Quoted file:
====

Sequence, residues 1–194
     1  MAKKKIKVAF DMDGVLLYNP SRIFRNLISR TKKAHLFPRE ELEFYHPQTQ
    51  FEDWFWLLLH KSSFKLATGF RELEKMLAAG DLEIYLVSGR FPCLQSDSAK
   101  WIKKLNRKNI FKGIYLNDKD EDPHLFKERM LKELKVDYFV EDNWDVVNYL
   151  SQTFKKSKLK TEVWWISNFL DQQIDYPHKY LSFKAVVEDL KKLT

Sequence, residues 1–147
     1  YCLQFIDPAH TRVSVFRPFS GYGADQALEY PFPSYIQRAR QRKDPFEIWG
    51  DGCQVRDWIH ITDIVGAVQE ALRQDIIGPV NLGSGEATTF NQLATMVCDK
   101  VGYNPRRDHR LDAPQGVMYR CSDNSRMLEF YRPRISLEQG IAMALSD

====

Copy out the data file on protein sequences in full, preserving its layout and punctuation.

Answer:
Sequence, residues 1–194
     1  MAKKKIKVAF DMDGVLLYNP SRIFRNLISR TKKAHLFPRE ELEFYHPQTQ
    51  FEDWFWLLLH KSSFKLATGF RELEKMLAAG DLEIYLVSGR FPCLQSDSAK
   101  WIKKLNRKNI FKGIYLNDKD EDPHLFKERM LKELKVDYFV EDNWDVVNYL
   151  SQTFKKSKLK TEVWWISNFL DQQIDYPHKY LSFKAVVEDL KKLT

Sequence, residues 1–147
     1  YCLQFIDPAH TRVSVFRPFS GYGADQALEY PFPSYIQRAR QRKDPFEIWG
    51  DGCQVRDWIH ITDIVGAVQE ALRQDIIGPV NLGSGEATTF NQLATMVCDK
   101  VGYNPRRDHR LDAPQGVMYR CSDNSRMLEF YRPRISLEQG IAMALSD